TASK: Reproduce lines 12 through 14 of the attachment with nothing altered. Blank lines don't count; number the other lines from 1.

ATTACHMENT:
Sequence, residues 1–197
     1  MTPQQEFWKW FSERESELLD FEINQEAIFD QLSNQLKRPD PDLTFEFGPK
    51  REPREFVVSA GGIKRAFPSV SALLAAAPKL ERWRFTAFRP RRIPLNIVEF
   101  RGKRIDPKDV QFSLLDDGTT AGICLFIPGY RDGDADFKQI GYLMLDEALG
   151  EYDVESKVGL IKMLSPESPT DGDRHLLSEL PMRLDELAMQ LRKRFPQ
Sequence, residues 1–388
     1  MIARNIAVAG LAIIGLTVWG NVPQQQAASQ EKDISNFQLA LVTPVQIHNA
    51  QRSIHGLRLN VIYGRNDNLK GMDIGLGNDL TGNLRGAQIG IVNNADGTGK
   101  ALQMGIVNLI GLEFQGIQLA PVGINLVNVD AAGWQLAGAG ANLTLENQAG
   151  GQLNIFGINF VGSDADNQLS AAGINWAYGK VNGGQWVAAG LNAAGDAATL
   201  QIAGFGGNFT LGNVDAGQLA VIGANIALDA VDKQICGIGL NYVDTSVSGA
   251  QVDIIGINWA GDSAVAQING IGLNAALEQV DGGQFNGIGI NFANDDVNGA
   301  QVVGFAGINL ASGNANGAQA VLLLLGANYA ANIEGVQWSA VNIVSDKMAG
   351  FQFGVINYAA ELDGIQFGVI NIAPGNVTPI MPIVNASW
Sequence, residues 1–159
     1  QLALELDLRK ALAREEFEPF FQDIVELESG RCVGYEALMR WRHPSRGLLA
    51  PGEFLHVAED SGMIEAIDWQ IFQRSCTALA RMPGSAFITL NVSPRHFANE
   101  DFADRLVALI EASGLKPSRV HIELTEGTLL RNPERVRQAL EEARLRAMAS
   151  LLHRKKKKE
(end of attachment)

   251  QVDIIGINWA GDSAVAQING IGLNAALEQV DGGQFNGIGI NFANDDVNGA
   301  QVVGFAGINL ASGNANGAQA VLLLLGANYA ANIEGVQWSA VNIVSDKMAG
   351  FQFGVINYAA ELDGIQFGVI NIAPGNVTPI MPIVNASW